When I was a kid, I thought all moms were supposed to be mature, grown and follow all the rules. Surely, they did not snicker about inside jokes or hold back a laugh while trying to correct the wrongdoing of a child. They were supposed to be serious about things and handle them like an adult.
And I don’t know what happened, but somehow I grew into this not-so-new mom anymore and, let’s just say, there was an incident this week in my neighborhood that proved I — nor most of my mama friends — turned into that mature, serious adult.
One of our lovely neighbors has always set out sidewalk chalk in a closed container for all the kids in the neighborhood to draw with. Such a sweet gesture from such a sweet couple. Many times, the kids go down there and chalk up some beautiful pictures, and then the rain comes and wipes the canvas clean for them to create something new.
Except one night this week, it was brought to our attention by a post in our neighborhood group on social media that one piece of art was removed as it was inappropriate for driveway art. I am going to let you guess what it was.
Once it was apparent that my girls did not do it (thank goodness) as they were not home all night – which means they didn’t see it either – I couldn’t help but chuckle. I mean, kids (especially as these kids get a little older) will be kids – and if I was an older kid, that would have been hilarious. And it was then that I thought to myself, geez, Sarah, you are way too immature to be a mom.
That is, until the text messages started flying at me. The mystery of the unsuitable art proved to be quite the entertainment that night.
Who did it? I bet it was so-and-so. How do we know it was really that? Was it really drawn that well? Did she take a picture? We need to see a picture. Where is the picture? How do you post a post like that without a picture?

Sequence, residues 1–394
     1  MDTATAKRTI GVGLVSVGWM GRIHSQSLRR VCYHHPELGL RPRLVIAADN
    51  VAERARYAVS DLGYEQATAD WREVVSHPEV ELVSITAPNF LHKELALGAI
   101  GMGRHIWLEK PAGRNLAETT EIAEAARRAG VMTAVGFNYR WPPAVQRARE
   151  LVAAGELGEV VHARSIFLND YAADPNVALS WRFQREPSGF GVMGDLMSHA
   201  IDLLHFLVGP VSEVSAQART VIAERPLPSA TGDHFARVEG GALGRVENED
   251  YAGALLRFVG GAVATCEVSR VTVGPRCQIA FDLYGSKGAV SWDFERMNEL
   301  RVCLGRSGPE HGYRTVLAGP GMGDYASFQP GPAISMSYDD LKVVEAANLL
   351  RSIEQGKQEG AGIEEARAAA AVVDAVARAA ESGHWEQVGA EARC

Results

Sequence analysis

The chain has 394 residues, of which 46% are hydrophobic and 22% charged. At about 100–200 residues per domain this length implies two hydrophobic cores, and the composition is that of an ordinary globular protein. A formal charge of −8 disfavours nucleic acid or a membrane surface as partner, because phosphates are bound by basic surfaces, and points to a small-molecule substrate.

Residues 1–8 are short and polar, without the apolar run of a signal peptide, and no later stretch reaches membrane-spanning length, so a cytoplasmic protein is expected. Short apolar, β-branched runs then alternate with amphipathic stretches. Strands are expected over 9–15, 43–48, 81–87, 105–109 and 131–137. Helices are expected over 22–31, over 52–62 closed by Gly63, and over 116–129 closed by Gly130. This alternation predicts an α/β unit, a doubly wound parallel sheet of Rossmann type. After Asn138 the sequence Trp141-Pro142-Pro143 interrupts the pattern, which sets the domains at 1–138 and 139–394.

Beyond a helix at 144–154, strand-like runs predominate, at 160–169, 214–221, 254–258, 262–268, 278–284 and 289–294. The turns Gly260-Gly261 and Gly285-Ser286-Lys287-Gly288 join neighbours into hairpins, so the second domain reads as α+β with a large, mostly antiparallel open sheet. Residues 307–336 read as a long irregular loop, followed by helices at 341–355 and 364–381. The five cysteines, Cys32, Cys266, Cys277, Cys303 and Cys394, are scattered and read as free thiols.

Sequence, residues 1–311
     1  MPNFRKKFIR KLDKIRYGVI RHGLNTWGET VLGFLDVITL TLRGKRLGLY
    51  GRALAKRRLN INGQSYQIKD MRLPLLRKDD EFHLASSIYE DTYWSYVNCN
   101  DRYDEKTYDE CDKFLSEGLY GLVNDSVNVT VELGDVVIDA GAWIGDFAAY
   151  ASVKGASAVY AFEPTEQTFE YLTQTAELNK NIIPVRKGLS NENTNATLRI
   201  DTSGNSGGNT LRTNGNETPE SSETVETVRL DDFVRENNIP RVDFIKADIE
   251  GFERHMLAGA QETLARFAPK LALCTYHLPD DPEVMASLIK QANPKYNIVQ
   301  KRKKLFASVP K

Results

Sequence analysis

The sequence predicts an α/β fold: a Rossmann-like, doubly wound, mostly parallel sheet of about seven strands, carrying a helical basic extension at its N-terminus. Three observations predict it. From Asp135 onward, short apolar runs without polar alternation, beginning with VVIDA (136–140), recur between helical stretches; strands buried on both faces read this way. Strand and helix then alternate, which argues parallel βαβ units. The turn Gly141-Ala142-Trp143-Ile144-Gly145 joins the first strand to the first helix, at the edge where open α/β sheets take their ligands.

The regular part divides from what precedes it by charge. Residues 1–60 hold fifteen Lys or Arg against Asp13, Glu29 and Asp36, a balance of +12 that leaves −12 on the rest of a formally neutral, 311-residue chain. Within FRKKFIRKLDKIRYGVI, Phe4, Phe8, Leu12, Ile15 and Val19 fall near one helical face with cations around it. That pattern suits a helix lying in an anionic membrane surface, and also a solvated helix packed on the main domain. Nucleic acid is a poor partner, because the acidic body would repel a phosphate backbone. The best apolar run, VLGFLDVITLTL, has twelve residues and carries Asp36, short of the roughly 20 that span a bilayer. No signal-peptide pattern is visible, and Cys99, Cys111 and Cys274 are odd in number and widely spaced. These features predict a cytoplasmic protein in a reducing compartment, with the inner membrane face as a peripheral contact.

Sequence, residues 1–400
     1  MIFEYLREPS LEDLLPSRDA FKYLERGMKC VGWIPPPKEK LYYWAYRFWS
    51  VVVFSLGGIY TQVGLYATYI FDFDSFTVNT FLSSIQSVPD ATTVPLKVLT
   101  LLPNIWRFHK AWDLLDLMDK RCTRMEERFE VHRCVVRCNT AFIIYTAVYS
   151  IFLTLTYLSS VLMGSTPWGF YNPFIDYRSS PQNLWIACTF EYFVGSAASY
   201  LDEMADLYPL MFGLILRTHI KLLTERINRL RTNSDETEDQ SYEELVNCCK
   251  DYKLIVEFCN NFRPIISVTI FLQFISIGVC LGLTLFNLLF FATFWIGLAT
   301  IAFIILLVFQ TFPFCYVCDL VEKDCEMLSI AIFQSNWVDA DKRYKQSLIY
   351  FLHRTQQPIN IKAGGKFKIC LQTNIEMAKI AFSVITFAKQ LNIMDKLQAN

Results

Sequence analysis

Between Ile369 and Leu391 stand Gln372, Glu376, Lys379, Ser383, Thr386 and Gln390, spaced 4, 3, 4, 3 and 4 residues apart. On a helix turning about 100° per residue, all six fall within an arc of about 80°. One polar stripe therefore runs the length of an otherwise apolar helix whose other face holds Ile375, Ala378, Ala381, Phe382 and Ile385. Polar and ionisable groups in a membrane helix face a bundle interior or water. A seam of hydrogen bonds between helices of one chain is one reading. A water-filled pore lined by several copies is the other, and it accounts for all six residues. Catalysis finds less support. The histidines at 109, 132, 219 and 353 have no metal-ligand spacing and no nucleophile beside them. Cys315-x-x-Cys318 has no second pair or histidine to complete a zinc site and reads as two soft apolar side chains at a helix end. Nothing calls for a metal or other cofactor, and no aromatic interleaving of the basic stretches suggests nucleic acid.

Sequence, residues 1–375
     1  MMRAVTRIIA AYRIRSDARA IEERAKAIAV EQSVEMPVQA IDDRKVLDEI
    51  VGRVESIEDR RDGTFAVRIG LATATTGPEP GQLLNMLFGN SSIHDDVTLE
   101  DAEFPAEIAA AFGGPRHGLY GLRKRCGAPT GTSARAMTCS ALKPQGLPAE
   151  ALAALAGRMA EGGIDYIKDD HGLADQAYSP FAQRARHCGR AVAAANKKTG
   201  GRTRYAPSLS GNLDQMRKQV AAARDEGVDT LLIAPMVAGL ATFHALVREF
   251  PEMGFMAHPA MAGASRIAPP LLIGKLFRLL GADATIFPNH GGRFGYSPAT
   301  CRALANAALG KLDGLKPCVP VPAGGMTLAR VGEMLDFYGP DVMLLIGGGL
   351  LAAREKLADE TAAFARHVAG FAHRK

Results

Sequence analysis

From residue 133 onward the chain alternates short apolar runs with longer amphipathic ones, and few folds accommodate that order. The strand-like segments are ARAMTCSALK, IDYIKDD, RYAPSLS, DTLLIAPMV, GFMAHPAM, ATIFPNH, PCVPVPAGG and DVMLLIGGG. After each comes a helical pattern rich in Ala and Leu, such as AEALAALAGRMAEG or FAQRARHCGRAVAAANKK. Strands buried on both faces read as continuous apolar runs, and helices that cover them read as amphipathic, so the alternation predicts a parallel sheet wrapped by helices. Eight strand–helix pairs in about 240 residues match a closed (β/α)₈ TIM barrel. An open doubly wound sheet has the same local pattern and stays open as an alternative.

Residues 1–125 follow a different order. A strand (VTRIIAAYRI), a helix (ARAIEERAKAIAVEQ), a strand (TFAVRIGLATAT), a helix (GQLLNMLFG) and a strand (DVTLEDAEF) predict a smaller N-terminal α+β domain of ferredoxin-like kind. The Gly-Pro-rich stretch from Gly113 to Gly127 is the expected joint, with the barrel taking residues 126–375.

One mom even chimed in and said that a while back when a visiting kid was in the neighborhood, one was drawn on her driveway and that her innocent daughter insisted it was an elephant (there’s your only hint).
After literally laughing out loud, I quickly replied, “Thank God, because as one of the oldest in the neighborhood, we need her to still think it is an elephant! Once one knows, it will all go downhill.”
For a while, the messages flew back and forth, and I honestly could not stop cracking up. Oblivious to what was actually drawn or had happened completely, my girls started questioning what I was giggling about. The only response I could come up with was an elephant.
Eventually, some clues were thrown into the mix and, although not proven, we came up with the most likely suspect. As a responsible adult, I kindly messaged the keeper of the proposed culprit, as it did need addressed but let her know of the laughs us mamas got from it.
And that’s the thing about kids. Certainly, there is a time to be completely serious, especially to them. But man, I certainly hope that you have those people that you can text on the side and completely transform back to your teens and laugh until your face hurts.
Because life is so serious so much of the time. Adulting is hard and stressful, and raising kids can be monotonous and so underappreciated. Easily, you can fall into this humdrum human who fails to see the humor in some hilarious handiwork of a preteen who presumably had seen someone else do the same and witnessed the laughs that came from it.
Look, I am not saying it is right – and most likely, it would be a totally different story if it was my child. I probably would have been mortified. But that night, even if just for a few minutes of childish messaging and giggling with the mamas of the hood, I was exactly NOT the mama that I always pictured mamas to be.
And I am ok with that. In fact, I hope every mama has at least another mama or two that she can escape the pressures and seriousness of being and thinking the way a mom is “supposed to.” Sometimes, serious needs a break. Even for moms.
I don’t know, maybe I have my moments where I am too immature to be a mom. Maybe, I never actually grew all the way up. Regardless, I am thankful that I have at least a handful of other mamas who didn’t as well.
Sarah (Pitson) Shrader was born and raised in Lima. She is a Lima Central Catholic and Tiffin University graduate. Sarah is a full-time working mama who enjoys writing about her somewhat crazy, always adventurous life as a mother. She lives in Bath Township with her daughters and writing inspirations, Maylie and Reagan.